22 Comments

  1. Emily Upchurch says:

    I’ve had my eye on this book since it came out…and I’ve been anticipating it since they announced they were writing it around 4 years ago!

  2. I would love to be entered!

  3. I find my perceptions of (physical) beauty are influence by how much I like or admire a person. I tend to watch people, but with my knowledge of who that person is always in the background. People are so much more than just outward appearance…. but that outward appearance is also an expression of the heart inside, or the things one has been taught, or what someone is trying to mimic. It’s complicated! But it’s also fun. Society’s ideas of beauty still influence my view of myself too much, but at least I don’t take all my cues from that.

  4. Elizabeth Anderson says:

    My sisters and some of the Godly ladies that have been placed in my life. As I have grown in my walk with Christ, He has been teaching me that beauty comes from Him and that He is the ultimate standard of beauty.

  5. Esther Anderson says:

    This sounds like a good book! Thanks for the giveaway! πŸ™‚

  6. God’s view of the heart has influenced my view of beauty the most. Thank you for the giveaway.

  7. Thank you so much for this review, Gretchen, I want to read the book more than ever now! πŸ™‚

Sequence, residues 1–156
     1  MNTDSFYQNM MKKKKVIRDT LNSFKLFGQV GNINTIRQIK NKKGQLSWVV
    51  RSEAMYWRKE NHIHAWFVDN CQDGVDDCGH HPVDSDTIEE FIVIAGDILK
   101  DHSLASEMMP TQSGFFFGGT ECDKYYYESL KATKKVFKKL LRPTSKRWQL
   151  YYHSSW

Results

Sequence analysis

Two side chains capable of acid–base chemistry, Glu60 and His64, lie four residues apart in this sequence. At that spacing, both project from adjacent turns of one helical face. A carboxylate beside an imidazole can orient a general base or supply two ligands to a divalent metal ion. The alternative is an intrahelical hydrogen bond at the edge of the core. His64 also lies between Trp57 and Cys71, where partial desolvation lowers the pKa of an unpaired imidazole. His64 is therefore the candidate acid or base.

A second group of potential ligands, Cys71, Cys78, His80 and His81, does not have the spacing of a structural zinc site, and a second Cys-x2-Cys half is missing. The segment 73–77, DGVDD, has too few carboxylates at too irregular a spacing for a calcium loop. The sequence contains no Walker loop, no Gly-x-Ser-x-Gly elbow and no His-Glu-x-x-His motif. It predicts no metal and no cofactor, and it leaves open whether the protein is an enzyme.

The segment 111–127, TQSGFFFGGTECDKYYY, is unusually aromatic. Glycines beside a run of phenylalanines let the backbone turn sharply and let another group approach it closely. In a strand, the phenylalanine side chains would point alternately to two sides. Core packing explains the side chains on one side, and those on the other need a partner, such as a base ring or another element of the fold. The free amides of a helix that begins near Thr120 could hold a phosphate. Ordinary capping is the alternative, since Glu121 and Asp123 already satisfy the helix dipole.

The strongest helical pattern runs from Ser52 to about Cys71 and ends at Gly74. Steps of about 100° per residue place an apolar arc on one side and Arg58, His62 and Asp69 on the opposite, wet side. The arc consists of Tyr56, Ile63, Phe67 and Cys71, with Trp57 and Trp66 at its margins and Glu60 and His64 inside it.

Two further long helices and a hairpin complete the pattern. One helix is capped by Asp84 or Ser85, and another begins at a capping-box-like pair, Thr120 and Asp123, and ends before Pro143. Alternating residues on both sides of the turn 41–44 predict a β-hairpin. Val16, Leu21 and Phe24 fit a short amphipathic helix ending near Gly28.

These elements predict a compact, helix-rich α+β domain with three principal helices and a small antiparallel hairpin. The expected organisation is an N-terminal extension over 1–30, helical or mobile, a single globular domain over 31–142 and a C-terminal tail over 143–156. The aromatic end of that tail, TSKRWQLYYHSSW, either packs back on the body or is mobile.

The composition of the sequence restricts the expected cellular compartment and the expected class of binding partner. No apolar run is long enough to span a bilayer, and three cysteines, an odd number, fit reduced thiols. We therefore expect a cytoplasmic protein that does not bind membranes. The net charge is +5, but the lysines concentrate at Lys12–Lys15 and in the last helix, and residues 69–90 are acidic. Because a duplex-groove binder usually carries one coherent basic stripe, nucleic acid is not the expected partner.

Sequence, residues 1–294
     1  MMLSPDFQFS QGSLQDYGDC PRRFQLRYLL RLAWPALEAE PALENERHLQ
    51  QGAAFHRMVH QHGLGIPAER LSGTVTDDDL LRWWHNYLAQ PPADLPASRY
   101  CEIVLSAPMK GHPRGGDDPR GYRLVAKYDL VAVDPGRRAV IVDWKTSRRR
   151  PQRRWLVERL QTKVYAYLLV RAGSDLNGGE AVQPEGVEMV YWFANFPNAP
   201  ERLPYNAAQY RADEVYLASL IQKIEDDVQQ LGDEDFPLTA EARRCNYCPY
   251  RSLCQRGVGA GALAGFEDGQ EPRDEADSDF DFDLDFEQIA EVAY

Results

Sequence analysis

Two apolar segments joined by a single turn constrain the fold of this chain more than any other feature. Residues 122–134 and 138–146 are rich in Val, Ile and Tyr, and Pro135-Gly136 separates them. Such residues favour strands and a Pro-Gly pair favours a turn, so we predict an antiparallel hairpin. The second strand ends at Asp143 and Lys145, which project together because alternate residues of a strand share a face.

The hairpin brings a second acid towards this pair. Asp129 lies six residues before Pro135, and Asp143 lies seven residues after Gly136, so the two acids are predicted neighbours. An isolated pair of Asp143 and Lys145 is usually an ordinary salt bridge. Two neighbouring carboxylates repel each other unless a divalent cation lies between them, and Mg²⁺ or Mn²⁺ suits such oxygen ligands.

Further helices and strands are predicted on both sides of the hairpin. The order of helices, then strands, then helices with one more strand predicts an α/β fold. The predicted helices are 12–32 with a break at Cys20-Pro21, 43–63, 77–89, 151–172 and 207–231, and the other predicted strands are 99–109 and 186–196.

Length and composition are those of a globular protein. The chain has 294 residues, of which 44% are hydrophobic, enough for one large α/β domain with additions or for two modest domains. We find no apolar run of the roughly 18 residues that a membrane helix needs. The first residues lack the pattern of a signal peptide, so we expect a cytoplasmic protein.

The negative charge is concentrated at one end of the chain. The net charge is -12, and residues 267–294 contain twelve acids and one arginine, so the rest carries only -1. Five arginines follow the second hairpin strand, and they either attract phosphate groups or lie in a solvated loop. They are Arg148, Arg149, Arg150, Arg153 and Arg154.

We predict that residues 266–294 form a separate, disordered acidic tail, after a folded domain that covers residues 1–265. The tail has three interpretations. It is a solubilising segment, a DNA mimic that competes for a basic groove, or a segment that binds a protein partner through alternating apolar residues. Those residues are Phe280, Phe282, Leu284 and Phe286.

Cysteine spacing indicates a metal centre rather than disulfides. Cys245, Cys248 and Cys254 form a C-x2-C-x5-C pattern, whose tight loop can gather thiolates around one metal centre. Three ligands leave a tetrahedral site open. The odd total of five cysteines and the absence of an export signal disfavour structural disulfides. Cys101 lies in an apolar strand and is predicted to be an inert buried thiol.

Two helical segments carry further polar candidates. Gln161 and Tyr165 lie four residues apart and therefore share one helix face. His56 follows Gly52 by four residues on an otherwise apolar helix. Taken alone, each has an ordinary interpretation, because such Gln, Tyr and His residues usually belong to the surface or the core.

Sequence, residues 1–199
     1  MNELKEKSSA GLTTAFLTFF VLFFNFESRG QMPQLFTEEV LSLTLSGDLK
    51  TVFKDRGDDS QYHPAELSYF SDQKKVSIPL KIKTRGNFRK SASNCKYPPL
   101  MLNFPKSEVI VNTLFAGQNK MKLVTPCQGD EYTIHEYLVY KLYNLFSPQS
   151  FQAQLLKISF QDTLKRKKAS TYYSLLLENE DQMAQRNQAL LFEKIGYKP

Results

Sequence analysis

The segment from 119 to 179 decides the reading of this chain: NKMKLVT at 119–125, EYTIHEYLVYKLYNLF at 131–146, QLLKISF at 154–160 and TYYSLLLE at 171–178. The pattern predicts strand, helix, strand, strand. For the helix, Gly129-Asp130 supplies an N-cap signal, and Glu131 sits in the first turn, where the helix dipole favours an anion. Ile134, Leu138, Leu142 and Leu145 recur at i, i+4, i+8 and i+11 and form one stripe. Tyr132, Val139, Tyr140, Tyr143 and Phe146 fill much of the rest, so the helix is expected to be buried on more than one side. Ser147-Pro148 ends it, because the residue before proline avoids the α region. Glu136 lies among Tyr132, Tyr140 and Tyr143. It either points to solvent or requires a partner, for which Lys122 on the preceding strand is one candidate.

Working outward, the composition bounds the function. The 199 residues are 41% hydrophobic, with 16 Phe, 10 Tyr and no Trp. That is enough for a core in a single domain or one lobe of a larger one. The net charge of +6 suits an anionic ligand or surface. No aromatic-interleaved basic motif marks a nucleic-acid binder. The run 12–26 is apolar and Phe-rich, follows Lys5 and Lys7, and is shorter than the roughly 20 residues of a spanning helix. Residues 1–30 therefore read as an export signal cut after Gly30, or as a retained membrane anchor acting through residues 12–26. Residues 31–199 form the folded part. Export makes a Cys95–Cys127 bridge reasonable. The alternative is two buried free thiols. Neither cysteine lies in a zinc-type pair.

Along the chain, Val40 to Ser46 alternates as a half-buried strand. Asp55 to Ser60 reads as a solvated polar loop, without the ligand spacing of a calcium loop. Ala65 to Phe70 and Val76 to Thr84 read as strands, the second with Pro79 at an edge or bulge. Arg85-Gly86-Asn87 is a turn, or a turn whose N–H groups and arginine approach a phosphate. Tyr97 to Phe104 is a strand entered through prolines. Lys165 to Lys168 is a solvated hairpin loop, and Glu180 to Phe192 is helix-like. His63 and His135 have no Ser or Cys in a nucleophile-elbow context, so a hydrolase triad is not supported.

8. My mom definitely had a large role in forming my view of “beautiful.”

  9. The Lord says we are fearfully and wonderfully made…and as His child, I think He thinks I am beautiful because He made me, in His image.

  10. I have wanted to read this book ever since I heard the Mahaney girls were writing it.

    I suppose that sadly even from a young age I’ve been subconsciously aware of the perceived beauty presented in films, adverts, etc. And like those around me the airbrushed models certainly seem a lot prettier than average people like us.

  11. My standard of beauty….that’s a difficult question to answer. I really struggle with this – I tend to constantly compare myself to those around me instead of focusing on what God says about me. Thank you for this giveaway – I really want to read this book!

  12. Would love to win a copy! Thanks for hosting the giveaway!

  13. Wow, this sounds like an amazing book……would love to win! Thanks so much for this great giveaway πŸ™‚

  14. I am not sure where my standard of beauty comes from. I would look in the mirror and think “I am almost pretty!” which is really a surprising thought. I don’t think i am a stunning beauty according to the world’s standards. I don’t bother to wear makeup because it would make me feel fake and i really can’t be bothered. I think its a growing sense of feeling loved and the knowledge that i am a child of God that makes me feel beautiful.

  15. Samantha R says:

    I think my standard of beauty has come from my mom but also a few close special friends who have shown me that TRUE beauty is on the inside and that is what is most important! πŸ™‚ I don’t wear a lot of makeup because I don’t think I *really* need it. Usually it’s just to cover up blemishes or for special occasions. I guess you could say that I’m comfortable with how I look most of the time. πŸ™‚